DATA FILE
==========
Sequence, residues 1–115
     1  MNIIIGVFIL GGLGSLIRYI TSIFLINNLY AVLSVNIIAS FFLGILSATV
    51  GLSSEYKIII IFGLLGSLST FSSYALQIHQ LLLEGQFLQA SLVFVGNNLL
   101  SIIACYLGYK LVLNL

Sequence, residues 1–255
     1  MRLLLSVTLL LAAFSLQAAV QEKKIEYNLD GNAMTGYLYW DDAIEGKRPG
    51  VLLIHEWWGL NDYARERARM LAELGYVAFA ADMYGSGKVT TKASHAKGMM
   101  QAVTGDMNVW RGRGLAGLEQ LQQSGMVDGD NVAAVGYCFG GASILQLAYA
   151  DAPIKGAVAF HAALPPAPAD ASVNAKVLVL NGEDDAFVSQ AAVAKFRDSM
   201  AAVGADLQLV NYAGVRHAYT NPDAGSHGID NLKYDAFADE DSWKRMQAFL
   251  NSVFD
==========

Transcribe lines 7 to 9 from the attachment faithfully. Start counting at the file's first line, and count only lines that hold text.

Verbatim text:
    51  VLLIHEWWGL NDYARERARM LAELGYVAFA ADMYGSGKVT TKASHAKGMM
   101  QAVTGDMNVW RGRGLAGLEQ LQQSGMVDGD NVAAVGYCFG GASILQLAYA
   151  DAPIKGAVAF HAALPPAPAD ASVNAKVLVL NGEDDAFVSQ AAVAKFRDSM